Sadly this is my first and very likely my last post of December. But I’m not going to duff myself up because… it’s Chriiiiiissssstmaaaaasssss!
Just one more day of work to go. I repeat, just one more day day of work. Excited? Me? Yes siree. But also determined to hold that wonderful thought and not to get stressed out that I’ve not yet scratched the surface of my shopping list nor yet contemplated what is to appear on the Christmas dinner table!
But let’s get priorities in order. Let’s blog this latest outfit of mine. This two-piece garment of brilliance that’s been so patiently waiting in my inbox! It’s the Martini pattern by the very cool and talented Sally of Capital Chic. I’ve been a fan of her amazing Charity Shop Chic refashions for like aaaages so when she asked if I’d be interested in trying out one of her new patterns I was flattered beyond belief. It just took me a hundred years to get round to finding the absolute perfect fabric to do it justice!
So just how delighted do you think I was to find this amazing set of vintage bark cloth curtains with ‘Martini’ written all over them!!
They were peeking out behind a rail of really naff shiny peachy curtains in Snoopers Paradise, Brighton. I’d almost given up hope of finding any vintage fabric at all. And as I gave one last despairing glance backwards, there they were, glowing, calling me. I literally ran back like a crazy woman, in case anyone else spotted them before me and whipped them out like my life depended on them. Nostalgia screamed from every thread. I’m pretty damned sure we had these curtains in our living room when I was a kid!
Here’s a little intro to Snoopers Paradise if you haven’t had the pleasure…
I think I might possibly be a professional snooper!
And oh the beautiful irony that this pair of the coolest curtains were to be refashioned into a Capital Chic outfit designed by the queen of charity shop chic, herself!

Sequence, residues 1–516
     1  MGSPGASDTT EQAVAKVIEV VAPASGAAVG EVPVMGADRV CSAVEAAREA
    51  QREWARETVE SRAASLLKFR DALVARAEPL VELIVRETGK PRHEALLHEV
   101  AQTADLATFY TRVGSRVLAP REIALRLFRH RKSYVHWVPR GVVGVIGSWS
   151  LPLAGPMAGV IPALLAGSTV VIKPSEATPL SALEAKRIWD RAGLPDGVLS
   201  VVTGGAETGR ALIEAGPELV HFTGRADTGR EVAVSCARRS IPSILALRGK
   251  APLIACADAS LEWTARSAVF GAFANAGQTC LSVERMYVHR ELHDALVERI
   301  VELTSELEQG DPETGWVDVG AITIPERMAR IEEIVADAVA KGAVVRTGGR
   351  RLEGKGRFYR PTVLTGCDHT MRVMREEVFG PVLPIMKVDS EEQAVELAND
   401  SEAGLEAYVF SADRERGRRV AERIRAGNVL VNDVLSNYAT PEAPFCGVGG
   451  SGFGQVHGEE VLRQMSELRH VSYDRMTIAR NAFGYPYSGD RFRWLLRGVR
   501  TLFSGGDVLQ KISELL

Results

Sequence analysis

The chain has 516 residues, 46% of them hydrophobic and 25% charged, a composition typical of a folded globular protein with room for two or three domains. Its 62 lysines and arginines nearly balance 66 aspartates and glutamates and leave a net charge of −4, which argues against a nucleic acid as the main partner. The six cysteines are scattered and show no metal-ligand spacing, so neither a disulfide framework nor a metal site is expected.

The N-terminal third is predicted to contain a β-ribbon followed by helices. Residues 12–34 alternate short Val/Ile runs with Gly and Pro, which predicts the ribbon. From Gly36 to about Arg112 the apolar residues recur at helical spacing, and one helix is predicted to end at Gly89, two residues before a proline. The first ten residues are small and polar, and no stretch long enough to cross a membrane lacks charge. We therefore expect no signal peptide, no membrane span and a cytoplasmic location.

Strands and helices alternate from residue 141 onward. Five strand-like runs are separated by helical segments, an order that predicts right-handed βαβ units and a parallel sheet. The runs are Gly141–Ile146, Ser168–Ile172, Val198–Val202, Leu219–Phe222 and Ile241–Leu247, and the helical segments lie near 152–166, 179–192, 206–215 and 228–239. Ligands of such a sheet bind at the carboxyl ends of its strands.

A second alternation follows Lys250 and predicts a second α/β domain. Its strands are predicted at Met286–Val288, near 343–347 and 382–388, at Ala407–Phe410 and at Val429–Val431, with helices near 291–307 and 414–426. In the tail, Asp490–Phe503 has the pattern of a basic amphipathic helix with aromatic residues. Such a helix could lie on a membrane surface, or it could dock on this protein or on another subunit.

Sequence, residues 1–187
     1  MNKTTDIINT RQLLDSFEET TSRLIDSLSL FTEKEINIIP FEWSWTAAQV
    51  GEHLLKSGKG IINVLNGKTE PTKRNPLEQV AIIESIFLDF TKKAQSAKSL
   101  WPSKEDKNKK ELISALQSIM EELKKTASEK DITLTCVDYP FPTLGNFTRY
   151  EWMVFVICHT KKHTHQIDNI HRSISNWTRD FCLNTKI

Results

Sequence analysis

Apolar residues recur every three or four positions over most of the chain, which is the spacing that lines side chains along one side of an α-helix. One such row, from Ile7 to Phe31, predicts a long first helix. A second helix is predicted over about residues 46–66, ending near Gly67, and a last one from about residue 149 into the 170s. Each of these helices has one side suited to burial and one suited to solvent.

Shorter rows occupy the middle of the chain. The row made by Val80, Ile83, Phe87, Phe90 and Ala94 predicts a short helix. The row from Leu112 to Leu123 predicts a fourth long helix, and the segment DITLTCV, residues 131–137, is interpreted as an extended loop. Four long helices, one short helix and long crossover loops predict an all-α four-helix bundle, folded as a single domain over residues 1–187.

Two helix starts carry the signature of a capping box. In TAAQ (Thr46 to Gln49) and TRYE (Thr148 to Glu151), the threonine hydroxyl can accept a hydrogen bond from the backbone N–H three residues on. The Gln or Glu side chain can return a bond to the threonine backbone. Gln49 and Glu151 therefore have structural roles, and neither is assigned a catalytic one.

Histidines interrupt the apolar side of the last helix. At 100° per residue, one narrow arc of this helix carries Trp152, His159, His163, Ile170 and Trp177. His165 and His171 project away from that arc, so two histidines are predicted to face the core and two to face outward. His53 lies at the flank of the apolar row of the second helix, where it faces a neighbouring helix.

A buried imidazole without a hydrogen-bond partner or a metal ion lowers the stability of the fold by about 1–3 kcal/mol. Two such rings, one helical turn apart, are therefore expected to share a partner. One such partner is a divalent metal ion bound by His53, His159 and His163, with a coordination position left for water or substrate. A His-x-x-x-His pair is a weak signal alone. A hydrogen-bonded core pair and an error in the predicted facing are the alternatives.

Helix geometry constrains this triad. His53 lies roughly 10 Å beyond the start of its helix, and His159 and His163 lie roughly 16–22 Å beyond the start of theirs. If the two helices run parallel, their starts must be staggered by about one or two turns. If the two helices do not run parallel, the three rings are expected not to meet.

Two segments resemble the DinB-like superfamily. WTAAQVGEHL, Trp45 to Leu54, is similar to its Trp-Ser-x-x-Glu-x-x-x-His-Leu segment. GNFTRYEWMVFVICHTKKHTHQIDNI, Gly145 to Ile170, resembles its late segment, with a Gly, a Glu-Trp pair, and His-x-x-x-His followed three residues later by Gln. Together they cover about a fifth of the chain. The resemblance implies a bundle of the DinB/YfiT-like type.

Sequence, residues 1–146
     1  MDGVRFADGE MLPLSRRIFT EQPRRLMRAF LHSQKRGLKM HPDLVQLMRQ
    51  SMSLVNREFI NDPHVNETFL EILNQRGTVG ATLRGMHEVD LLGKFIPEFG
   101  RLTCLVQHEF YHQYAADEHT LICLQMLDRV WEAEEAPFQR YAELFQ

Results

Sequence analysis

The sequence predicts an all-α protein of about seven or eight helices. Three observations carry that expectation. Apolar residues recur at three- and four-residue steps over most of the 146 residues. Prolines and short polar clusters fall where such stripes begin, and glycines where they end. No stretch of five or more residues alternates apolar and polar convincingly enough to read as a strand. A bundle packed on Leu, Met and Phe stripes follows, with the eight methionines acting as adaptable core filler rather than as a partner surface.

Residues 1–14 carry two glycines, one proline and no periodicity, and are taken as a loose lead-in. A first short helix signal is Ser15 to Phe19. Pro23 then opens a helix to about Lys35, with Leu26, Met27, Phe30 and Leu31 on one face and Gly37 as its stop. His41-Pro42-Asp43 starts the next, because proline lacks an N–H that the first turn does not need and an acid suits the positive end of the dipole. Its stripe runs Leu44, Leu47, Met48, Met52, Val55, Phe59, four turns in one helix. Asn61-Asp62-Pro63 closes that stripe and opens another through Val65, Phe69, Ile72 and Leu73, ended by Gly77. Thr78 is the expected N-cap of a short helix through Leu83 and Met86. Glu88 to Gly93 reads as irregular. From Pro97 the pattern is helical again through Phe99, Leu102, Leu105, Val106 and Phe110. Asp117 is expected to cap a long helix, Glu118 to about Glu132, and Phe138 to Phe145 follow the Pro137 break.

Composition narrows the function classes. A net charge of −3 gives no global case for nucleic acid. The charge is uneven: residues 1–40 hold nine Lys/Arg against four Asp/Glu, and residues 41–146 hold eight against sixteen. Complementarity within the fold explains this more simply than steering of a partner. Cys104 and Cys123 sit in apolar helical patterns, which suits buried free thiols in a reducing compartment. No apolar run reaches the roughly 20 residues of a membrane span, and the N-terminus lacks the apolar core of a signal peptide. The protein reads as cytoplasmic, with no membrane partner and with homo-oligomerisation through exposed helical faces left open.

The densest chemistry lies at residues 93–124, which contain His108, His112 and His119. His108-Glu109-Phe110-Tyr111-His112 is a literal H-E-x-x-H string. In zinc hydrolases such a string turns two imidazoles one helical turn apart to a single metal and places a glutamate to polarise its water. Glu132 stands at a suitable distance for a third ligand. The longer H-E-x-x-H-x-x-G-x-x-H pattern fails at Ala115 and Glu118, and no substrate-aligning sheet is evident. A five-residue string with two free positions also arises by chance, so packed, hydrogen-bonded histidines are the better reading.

And so they became my Martini. Why oh why isn’t bark cloth made any more? It sews like a dream, it doesn’t crease, it presses beautifully, it has body and holds its shape, and washes like a dream. I think I am actually in love with this fabric. The colour too, actually. I knew I loved it, lairy as it was, but I’ve had at least three random people comment on how ‘very me’ this lime green is. And there’s me thinking I’m all red and black!!
This is probably my most impressive invisible zip insertion to date. Once again, Thank you for all the advice on my invisible foot purchase. How ever did I manage without it?! The zip totally sinks into the centre seam of the back skirt. And the top has a separating zip. I so love that there’s always something new to learn about sewing. This is the first time I’ve ever had to shop for one of these, let alone sew one on a garment!
The construction of this two-piece is very simple if you pay attention to every word of the carefully presented instructions. I say this only because I’m definitely one for skipping an instruction or two and thinking I know better. But Sally knows her onions and her technique for sewing an all in one lined bodice is genius, as is her explanation on how to line a vent in the back of a skirt.
The waist is high on the skirt as you can see and is supported by bones sewn to the darts and the seams in the lining (which makes for six). But if I had to add one thing to those instructions, it would be to file those bones more roundy at the top, because boy do they dig in if you don’t sit up straight or lean over without hoiking up your skirt!
Also, The top worked out surprisingly short. Totally my fault for not toilling and so I defo need to add an inch or two next time. I’m no spring chicken and I’m not sure that the world needs to be exposed to any amount of my midriff so I sewed an inch of ‘modesty lace’ to the hem. That said I’m still horrified by the amount of skin that still shows. I’m hoping that this is because the lens was low!